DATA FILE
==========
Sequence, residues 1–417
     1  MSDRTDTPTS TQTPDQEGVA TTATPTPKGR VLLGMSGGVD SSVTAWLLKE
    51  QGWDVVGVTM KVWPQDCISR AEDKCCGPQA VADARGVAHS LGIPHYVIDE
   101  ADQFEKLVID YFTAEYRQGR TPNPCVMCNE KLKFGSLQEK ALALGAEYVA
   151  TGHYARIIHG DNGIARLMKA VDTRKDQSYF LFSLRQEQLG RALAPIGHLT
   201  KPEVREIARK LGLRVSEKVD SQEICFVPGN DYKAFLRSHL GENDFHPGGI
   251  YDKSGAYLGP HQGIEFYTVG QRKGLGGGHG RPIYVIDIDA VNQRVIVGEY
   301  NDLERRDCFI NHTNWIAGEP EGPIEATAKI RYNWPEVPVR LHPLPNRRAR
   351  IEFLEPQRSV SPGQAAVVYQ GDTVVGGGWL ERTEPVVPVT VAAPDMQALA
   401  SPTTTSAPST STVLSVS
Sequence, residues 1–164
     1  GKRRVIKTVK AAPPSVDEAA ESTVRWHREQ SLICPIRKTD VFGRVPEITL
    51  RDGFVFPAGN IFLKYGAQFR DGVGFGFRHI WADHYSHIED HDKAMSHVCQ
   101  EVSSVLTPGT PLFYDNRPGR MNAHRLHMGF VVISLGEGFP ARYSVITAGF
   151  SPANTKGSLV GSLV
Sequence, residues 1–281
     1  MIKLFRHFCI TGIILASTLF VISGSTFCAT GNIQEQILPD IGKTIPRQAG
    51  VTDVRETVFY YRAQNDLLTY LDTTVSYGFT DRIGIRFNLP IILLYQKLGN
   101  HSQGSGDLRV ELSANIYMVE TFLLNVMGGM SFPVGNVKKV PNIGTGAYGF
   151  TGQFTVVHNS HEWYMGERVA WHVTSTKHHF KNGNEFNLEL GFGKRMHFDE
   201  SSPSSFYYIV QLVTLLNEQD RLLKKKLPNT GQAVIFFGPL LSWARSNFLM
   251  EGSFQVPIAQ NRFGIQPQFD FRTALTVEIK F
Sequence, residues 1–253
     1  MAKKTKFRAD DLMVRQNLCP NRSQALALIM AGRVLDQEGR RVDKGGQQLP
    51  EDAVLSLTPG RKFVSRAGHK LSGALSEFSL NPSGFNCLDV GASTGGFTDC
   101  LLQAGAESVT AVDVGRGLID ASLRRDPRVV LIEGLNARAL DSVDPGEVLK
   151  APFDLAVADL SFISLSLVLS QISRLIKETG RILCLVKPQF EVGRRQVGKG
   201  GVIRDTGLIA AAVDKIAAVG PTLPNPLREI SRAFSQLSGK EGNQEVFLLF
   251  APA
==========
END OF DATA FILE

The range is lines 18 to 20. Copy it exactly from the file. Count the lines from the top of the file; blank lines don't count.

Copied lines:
    51  VTDVRETVFY YRAQNDLLTY LDTTVSYGFT DRIGIRFNLP IILLYQKLGN
   101  HSQGSGDLRV ELSANIYMVE TFLLNVMGGM SFPVGNVKKV PNIGTGAYGF
   151  TGQFTVVHNS HEWYMGERVA WHVTSTKHHF KNGNEFNLEL GFGKRMHFDE